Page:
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Taking Care of Mom and Dad: Calculating Estate Tax

A taxable estate is determined by calculating the gross value of a dead person's estate minus various allowable deductions. Once this calculation is made, the IRS uses this number to assess estate taxes

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A gross estate includes the total value of all owned assets or property in which your parents had an interest at the time of one of their deaths. 1 The estate also includes:

  • life insurance proceeds payable to the estate or, if the dead parent owned the policy, to his or her heirs;
  • the value of certain annuities payable to the estate or its heirs; and
  • the value of certain kinds of property transferred out of the estate within three years before the parent died.

The allowable deductions used in calculating the taxable estate include:

  • funeral expenses paid out of the estate;
  • debts the parent owed at the time of his or her death; and
  • the marital deduction (generally, the value of the property that passes from the estate to a surviving spouse).

Once you've calculated the taxable estate value, you can apply the unused portion of your parents' unified credit against taxes due.

For example, Jon gave his daughter Angelina $100,000 in 2002. This was Jon's first taxable gift; he filed a gift tax return, subtracting the $11,000 annual exclusion and figuring the gift tax on his taxable gift of $89,000. The gift tax turned out to be $17,800. Jon didn't want to pay this tax, so he used $17,800 of the unified credit to eliminate the tax on the gift.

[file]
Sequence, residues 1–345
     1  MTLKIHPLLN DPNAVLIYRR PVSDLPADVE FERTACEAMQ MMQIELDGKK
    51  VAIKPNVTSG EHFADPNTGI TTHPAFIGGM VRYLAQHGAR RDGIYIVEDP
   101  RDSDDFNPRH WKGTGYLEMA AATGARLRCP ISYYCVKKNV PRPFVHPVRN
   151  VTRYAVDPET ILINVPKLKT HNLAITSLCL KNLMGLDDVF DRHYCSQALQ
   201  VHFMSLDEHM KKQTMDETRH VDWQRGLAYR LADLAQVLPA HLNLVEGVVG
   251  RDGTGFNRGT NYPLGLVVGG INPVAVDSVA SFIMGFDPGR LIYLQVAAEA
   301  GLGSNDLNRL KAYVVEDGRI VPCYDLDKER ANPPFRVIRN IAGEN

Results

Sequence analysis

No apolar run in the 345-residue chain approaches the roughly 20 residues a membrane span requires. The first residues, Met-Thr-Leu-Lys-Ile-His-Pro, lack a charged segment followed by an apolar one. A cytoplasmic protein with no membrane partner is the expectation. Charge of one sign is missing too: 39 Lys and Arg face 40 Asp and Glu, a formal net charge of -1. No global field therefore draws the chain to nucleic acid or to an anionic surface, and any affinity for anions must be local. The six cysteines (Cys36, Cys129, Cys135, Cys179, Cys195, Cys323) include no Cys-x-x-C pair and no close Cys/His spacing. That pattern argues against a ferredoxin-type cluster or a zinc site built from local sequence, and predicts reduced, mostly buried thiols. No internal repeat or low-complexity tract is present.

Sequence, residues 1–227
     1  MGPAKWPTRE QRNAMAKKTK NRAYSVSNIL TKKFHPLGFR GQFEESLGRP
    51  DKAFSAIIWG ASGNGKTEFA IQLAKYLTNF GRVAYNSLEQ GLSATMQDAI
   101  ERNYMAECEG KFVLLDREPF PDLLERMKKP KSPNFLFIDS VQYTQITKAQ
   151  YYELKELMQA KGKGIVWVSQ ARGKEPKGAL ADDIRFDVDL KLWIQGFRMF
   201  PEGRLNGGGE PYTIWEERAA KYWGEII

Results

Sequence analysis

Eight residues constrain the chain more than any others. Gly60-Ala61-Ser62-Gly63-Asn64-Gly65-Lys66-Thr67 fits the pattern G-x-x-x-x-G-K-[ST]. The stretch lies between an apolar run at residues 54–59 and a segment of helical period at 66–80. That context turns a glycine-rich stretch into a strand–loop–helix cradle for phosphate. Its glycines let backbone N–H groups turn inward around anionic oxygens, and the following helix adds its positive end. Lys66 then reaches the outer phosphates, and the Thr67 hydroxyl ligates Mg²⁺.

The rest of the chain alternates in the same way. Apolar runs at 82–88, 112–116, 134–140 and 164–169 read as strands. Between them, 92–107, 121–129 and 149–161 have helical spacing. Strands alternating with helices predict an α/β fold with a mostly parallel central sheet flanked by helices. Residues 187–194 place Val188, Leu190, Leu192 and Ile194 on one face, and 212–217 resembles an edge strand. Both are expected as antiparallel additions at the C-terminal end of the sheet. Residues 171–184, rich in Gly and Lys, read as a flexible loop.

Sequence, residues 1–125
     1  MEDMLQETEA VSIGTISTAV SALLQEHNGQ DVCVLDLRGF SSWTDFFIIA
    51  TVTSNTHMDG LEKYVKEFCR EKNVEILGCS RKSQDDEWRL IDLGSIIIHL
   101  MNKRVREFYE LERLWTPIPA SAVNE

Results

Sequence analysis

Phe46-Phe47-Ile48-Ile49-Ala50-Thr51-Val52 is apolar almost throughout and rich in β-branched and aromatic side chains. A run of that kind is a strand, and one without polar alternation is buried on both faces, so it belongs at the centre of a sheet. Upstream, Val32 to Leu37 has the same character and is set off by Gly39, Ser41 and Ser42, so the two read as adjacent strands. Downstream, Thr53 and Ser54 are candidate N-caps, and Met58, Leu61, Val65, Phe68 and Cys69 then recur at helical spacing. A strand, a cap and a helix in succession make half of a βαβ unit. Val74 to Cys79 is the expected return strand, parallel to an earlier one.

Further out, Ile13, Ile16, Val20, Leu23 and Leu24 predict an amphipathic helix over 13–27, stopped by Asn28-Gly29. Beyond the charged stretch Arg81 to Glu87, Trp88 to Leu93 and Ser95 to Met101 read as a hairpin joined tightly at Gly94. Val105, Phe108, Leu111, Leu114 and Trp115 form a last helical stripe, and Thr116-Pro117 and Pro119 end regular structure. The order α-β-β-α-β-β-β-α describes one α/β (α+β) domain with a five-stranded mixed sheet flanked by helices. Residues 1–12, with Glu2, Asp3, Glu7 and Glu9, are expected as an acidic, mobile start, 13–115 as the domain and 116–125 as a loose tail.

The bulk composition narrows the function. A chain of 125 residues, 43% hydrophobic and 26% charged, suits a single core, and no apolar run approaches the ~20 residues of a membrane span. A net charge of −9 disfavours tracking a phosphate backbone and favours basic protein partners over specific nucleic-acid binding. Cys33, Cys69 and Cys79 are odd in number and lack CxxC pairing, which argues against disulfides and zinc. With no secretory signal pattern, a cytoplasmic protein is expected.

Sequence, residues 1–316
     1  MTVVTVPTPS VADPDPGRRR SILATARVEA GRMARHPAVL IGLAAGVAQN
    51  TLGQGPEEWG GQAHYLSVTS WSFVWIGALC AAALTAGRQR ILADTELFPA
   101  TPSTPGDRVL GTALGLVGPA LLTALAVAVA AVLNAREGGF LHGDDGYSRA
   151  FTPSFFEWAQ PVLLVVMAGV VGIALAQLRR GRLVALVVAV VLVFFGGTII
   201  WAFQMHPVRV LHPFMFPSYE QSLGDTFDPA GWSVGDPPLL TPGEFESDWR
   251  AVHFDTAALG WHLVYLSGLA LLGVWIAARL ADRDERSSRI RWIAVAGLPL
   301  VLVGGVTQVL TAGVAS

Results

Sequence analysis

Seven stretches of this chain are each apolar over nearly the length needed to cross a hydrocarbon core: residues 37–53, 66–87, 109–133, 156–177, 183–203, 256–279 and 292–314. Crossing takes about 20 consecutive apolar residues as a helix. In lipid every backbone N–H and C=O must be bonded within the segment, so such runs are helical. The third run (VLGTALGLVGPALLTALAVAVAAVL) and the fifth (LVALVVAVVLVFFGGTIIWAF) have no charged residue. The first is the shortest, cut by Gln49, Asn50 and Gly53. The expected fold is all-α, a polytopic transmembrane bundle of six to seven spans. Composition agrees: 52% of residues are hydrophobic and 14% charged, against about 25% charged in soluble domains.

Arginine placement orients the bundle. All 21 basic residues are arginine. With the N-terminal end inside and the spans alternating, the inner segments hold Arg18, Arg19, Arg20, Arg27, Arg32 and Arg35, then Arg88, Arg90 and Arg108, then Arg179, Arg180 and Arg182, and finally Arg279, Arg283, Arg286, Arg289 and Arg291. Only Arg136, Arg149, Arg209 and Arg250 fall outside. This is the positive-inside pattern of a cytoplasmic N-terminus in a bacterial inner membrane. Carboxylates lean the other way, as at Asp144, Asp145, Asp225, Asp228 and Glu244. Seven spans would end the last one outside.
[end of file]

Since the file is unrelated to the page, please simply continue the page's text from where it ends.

1 - There's not enough room in this book to analyze the details of estate planning. For a more complete treatment of the subject, see Silver Lake Publishing's Family Money (2002). Some parts of this chapter are based on material in that book.

Jon made no other taxable gifts and died in 2003. The available unified credit that could be used against his estate tax was $328,000. This was the unified credit for 2003 ($345,800) less the unified credit used against the tax on the gift to Angelina ($17,800).

An estate tax return must be filed if the gross estate, plus any adjusted taxable gifts and specific gift tax exemption, is more than the filing requirement for the year of death.

The adjusted taxable gifts is the total of the taxable gifts your parents made after 1976 that are not included in their gross estate.

Prior to President George W. Bush's estate tax law changes -- which took effect in 2002 -- all transfers of money or property (outright, or by will or trust) were subject to a single, federal unified gift and estate tax system. President Bush's changes have set the estate tax (though not the gift tax) for repeal in 2010. Then, in 2011, the estate tax will revert to the rate that was in effect before 2002.

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